Teta peered at us from behind the counter of the small store nested next to the Kigali Genocide Memorial. Softly, we asked her if she had experienced the awful slaughtering that began on April 6, 1994 in Rwanda and she nodded her head yes. At the age of six her entire family was massacred. Crazed Hutus began ridding the earth of their Tutsi countrymen. Pastor David asked her if she was able to forgive the perpetrators who made her an orphan. She somberly replied, “Forgiveness is a big word.” Then she explained that 24 years later, she could not forget what was done to her family and to herself and, in that remembering, there was an unwillingness to forgive.
John 5:15—The man went and reported to the Jews that it was Jesus who had made him well.
Never underestimate the need for approval. A man is sick for 38 years. Jesus sees him and knows his situation. He asks him if he would like to get well. Instead of answering “Yes!,” the man shares a pool of woes. You can read about it in John 5:1-7.
I received an email that tore my gut in two. A friend from seminary wrote to those on his mailing list. It wasn’t supposed to be this way. He was back in his home city with his children, no longer in the Asian country where God led him and his wife to minister. Their work was vital in a place restricted and fraught with danger. He knew what it meant to serve God through opposition. But he never expected his wife to fall in love with someone she met on the internet. She left her family—devastated. As if confused and heartbroken was not bad enough, his mission organization requested his resignation. Now what does he do? Who can he trust? His children struggle mightily to adjust to a new culture. They wrestle with the reality their mother is living in immorality. He wonders what more could go wrong.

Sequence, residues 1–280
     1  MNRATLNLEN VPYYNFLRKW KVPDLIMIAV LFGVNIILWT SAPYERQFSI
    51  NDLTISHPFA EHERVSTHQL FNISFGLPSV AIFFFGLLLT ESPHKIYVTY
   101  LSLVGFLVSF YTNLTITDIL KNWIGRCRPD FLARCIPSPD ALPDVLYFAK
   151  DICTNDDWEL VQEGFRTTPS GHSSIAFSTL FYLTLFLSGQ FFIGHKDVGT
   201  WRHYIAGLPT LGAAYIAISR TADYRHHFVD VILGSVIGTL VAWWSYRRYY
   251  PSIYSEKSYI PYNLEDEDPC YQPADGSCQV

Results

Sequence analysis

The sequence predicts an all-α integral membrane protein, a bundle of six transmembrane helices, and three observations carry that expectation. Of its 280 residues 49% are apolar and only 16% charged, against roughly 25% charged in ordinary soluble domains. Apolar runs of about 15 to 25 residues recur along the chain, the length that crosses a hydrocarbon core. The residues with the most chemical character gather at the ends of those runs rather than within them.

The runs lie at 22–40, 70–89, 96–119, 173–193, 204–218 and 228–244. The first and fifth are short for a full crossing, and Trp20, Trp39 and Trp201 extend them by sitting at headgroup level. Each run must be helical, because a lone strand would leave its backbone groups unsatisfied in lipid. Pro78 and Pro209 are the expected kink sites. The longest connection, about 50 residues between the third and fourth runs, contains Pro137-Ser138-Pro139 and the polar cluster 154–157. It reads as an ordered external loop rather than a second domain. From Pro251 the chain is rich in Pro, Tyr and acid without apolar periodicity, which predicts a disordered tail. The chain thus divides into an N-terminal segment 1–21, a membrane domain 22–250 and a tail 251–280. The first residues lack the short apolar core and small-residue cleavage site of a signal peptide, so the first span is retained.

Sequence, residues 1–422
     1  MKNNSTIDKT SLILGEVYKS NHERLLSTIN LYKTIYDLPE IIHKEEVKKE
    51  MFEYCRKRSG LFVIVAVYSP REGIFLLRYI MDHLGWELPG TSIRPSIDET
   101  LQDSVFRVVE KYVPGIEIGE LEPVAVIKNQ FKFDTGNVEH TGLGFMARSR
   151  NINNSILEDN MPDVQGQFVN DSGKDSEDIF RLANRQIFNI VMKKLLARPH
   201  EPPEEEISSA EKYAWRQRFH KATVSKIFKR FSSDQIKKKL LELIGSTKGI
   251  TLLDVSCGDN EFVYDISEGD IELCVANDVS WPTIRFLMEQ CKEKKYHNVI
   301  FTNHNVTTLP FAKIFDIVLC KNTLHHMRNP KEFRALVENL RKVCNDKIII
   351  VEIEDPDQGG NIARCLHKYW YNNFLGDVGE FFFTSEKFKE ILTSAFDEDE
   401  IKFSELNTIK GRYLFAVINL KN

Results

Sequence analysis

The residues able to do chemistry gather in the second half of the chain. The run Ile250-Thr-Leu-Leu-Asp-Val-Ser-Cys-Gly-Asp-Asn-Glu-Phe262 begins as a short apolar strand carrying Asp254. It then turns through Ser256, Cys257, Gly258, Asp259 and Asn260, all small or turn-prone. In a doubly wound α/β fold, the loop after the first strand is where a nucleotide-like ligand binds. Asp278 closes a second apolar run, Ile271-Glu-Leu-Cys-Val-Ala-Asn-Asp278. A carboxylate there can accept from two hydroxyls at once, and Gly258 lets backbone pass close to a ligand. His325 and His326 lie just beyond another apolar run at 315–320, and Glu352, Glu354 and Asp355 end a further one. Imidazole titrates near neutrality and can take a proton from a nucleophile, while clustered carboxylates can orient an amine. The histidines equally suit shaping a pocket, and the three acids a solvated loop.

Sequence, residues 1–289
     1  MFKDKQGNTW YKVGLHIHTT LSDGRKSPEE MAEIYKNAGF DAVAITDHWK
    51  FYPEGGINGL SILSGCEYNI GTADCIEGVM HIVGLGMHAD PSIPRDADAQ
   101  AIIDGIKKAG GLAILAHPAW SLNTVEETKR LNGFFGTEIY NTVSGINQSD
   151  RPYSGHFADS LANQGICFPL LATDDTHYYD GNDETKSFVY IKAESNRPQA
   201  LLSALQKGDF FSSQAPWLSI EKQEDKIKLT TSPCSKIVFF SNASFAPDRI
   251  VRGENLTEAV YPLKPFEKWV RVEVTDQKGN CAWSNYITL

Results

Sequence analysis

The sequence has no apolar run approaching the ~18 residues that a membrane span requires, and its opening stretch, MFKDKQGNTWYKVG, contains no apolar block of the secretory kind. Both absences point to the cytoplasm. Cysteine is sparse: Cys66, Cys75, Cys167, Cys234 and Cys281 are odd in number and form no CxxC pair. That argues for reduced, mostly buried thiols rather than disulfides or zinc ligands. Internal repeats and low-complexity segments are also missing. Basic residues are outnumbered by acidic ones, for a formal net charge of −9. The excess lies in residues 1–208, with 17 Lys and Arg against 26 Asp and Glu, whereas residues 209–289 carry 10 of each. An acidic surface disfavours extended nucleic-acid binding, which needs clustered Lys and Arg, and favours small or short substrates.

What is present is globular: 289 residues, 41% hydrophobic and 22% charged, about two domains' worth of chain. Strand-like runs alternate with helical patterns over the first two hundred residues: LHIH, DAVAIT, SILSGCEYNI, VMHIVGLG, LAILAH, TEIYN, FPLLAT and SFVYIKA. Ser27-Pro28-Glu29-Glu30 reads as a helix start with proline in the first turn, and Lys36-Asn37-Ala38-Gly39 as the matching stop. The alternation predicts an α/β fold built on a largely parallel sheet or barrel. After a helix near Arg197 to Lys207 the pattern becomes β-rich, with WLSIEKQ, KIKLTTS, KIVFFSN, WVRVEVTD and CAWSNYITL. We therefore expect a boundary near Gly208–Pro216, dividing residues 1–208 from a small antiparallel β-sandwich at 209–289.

He walked into work and people were crying—not a good sign. The warehouse manger, not his boss, called him into his office and read him a form letter announcing that he would be let go. “Dan, your job has been eliminated.” Dan put his hand on the manager’s hand and said, “Dave, don’t make this any harder on yourself than you need to. You’re my friend.” Dave started crying. “Somebody’s going to have to escort you out of the building.”
James 4:4--Adulteresses! Don’t you know that friendship with the world is hostility toward God? So whoever wants to be the world’s friend becomes God’s enemy.
2 Chronicles 24:2—Joash did what was pleasing in the Lord’s sight throughout the lifetime of Jehoiada the priest. (NLT)
Aber and I sat at the table and dipped the addicting chips in delicious hot sauce. Aber asked if we could meet. He was spiritually hungry, eager to learn more about God. After our usual chitchat he shared about a vivacious gal at work on his team. She had recently moved to Oregon from Massachusetts. He noted her athleticism and that the two of them were working out three times a week during lunch. He was losing weight and felt great. Not surprisingly, the chips I’d been munching lost their flavor.
The trail to heaven is littered with casualties—victims of misguided priorities or the worship of need-driven agendas. These wounded souls once burned bright in their zeal to serve God. They played clarion songs for the poor and engaged in rescuing the oppressed with fervor capable of melting granite skeptics into milky wax. They gave sacrificially with glad hearts. So what happened that they should be reduced to bitter herbs and poured out ashes?
Luke 23:44-46--It was now about noon, and darkness came over the whole land until three, because the sun’s light failed. The curtain of the sanctuary was split down the middle. And Jesus called out with a loud voice, “Father, into Your hands I entrust My spirit.” Saying this, He breathed His last.